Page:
How this town is coping 10 years after one of America's largest immigration raids

Hundreds of ICE agents descended on on a meat-processing plant in rural Postville, Iowa, in May 2008 and detained nearly 20 percent of the town’s population.

When President Donald Trump commuted the sentence of former slaughterhouse executive Shalom Rubashkin last month, he did nothing to help the nearly 400 undocumented immigrants arrested at his meat-processing plant.

In May 2008, hundreds of ICE agents descended on Rubashkin's facility in rural Postville, Iowa, where they detained nearly 20 percent of the town’s population, mostly workers from Mexico and Guatemala. While the White House cleared Rubashkin of his remaining 27-year sentence for financial crimes, the town is still feeling the raid's effects.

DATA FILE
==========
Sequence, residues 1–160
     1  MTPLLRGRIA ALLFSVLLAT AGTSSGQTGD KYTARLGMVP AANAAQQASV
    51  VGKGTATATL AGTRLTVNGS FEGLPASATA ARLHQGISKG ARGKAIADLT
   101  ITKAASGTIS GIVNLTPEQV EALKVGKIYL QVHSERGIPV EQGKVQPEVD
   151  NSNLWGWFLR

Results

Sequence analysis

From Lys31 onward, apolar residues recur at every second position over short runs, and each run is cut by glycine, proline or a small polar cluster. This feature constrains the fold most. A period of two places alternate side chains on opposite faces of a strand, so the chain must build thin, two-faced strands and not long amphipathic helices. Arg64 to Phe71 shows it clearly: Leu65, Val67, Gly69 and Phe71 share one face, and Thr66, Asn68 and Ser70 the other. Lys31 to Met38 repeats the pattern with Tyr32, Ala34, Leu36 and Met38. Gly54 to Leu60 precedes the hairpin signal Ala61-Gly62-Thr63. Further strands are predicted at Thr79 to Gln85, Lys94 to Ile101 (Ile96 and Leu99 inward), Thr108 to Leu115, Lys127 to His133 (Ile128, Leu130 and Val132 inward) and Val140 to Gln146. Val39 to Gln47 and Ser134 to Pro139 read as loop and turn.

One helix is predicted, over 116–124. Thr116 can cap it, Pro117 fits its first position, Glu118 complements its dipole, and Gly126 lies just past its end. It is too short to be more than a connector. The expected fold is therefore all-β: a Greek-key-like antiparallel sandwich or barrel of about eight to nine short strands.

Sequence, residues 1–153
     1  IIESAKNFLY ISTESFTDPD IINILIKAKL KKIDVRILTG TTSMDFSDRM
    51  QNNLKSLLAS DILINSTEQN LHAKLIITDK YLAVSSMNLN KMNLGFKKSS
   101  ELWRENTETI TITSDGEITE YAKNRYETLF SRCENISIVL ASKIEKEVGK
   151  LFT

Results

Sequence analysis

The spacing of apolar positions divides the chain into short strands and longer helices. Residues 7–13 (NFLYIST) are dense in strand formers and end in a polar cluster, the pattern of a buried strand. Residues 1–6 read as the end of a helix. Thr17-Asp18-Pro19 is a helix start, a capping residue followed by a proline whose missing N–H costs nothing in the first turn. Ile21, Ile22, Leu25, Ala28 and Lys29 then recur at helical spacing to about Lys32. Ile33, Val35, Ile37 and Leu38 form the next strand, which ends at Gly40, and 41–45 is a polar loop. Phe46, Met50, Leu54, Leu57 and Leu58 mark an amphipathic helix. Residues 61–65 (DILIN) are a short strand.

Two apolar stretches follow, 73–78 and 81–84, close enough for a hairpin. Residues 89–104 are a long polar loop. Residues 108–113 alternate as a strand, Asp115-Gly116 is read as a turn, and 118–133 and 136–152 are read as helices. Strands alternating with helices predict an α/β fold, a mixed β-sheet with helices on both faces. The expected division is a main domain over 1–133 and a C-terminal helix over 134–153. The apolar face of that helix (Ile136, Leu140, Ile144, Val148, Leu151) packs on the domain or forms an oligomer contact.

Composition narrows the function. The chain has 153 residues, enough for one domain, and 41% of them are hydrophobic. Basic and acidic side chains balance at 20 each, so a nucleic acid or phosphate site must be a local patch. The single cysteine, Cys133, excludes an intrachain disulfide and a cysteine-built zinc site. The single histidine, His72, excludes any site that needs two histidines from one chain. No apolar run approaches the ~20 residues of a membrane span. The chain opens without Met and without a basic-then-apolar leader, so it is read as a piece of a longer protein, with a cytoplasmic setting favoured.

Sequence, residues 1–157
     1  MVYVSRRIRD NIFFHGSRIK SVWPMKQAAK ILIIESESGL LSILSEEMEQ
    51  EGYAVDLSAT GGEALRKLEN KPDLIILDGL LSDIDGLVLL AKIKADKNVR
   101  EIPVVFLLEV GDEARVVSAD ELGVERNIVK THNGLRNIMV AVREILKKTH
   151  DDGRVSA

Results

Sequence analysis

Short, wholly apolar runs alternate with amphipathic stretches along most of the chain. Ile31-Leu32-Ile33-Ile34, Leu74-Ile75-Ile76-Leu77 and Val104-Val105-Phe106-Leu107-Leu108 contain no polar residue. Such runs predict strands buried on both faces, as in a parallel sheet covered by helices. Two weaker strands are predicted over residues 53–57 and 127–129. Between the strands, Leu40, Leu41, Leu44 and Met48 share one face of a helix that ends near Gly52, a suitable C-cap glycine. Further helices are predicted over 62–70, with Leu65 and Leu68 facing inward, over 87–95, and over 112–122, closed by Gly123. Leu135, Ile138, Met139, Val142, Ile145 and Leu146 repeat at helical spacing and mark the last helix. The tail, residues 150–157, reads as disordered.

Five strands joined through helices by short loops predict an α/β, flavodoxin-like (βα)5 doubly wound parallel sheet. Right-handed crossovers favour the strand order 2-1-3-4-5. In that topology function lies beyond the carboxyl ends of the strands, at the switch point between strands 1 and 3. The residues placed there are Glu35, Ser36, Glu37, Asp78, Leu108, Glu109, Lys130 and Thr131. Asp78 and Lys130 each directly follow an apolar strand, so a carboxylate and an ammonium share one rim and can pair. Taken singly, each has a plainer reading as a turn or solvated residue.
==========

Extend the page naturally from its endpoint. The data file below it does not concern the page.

10 years ago, Postville was the picture of globalization: Large numbers of Latin American immigrants came to work at plants owned by Orthodox Jews, who were new immigrants themselves. Today, Postville has become synonymous with the militarized approach the government now takes to immigration enforcement.

VICE News spoke to Arline Geronimus, a professor of public health at the University of Michigan, who studied Postville as an example of what she calls "weathering" — the long-term, adverse effects that societal prejudice can have on the health of minorities.

This segment originally aired December 21, 2017 on VICE News Tonight on HBO.